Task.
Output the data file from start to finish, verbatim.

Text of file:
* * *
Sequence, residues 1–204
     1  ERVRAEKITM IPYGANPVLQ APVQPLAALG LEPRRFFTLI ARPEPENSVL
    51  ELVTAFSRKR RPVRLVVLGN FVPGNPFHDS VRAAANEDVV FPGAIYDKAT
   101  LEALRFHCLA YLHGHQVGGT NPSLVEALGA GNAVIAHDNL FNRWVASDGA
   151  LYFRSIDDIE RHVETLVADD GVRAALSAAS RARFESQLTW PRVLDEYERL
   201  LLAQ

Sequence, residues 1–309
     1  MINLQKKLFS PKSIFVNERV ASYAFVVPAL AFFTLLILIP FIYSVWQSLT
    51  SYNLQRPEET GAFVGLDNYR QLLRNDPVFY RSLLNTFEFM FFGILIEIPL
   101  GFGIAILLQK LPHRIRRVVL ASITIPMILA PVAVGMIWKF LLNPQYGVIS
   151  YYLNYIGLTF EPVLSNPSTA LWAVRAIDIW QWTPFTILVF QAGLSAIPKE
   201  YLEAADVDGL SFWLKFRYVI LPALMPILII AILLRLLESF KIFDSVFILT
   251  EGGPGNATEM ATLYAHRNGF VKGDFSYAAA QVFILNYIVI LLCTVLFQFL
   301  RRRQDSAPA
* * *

Sequence, residues 1–204
     1  ERVRAEKITM IPYGANPVLQ APVQPLAALG LEPRRFFTLI ARPEPENSVL
    51  ELVTAFSRKR RPVRLVVLGN FVPGNPFHDS VRAAANEDVV FPGAIYDKAT
   101  LEALRFHCLA YLHGHQVGGT NPSLVEALGA GNAVIAHDNL FNRWVASDGA
   151  LYFRSIDDIE RHVETLVADD GVRAALSAAS RARFESQLTW PRVLDEYERL
   201  LLAQ

Sequence, residues 1–309
     1  MINLQKKLFS PKSIFVNERV ASYAFVVPAL AFFTLLILIP FIYSVWQSLT
    51  SYNLQRPEET GAFVGLDNYR QLLRNDPVFY RSLLNTFEFM FFGILIEIPL
   101  GFGIAILLQK LPHRIRRVVL ASITIPMILA PVAVGMIWKF LLNPQYGVIS
   151  YYLNYIGLTF EPVLSNPSTA LWAVRAIDIW QWTPFTILVF QAGLSAIPKE
   201  YLEAADVDGL SFWLKFRYVI LPALMPILII AILLRLLESF KIFDSVFILT
   251  EGGPGNATEM ATLYAHRNGF VKGDFSYAAA QVFILNYIVI LLCTVLFQFL
   301  RRRQDSAPA